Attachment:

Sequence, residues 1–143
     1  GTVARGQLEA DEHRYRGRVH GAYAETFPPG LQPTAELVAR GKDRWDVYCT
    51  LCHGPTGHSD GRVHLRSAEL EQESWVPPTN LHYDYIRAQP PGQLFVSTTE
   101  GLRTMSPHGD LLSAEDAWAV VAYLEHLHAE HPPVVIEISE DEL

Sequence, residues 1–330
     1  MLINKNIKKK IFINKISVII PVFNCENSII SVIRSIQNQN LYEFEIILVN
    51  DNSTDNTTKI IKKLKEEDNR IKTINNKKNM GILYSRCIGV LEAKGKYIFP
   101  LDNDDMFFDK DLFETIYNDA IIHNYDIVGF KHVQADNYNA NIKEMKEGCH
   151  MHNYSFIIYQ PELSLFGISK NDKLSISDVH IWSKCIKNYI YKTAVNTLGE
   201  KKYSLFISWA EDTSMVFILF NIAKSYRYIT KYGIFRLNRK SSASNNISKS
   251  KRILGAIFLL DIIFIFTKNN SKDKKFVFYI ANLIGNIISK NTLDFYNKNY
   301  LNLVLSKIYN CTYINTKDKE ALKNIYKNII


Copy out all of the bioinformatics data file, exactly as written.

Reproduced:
Sequence, residues 1–143
     1  GTVARGQLEA DEHRYRGRVH GAYAETFPPG LQPTAELVAR GKDRWDVYCT
    51  LCHGPTGHSD GRVHLRSAEL EQESWVPPTN LHYDYIRAQP PGQLFVSTTE
   101  GLRTMSPHGD LLSAEDAWAV VAYLEHLHAE HPPVVIEISE DEL

Sequence, residues 1–330
     1  MLINKNIKKK IFINKISVII PVFNCENSII SVIRSIQNQN LYEFEIILVN
    51  DNSTDNTTKI IKKLKEEDNR IKTINNKKNM GILYSRCIGV LEAKGKYIFP
   101  LDNDDMFFDK DLFETIYNDA IIHNYDIVGF KHVQADNYNA NIKEMKEGCH
   151  MHNYSFIIYQ PELSLFGISK NDKLSISDVH IWSKCIKNYI YKTAVNTLGE
   201  KKYSLFISWA EDTSMVFILF NIAKSYRYIT KYGIFRLNRK SSASNNISKS
   251  KRILGAIFLL DIIFIFTKNN SKDKKFVFYI ANLIGNIISK NTLDFYNKNY
   301  LNLVLSKIYN CTYINTKDKE ALKNIYKNII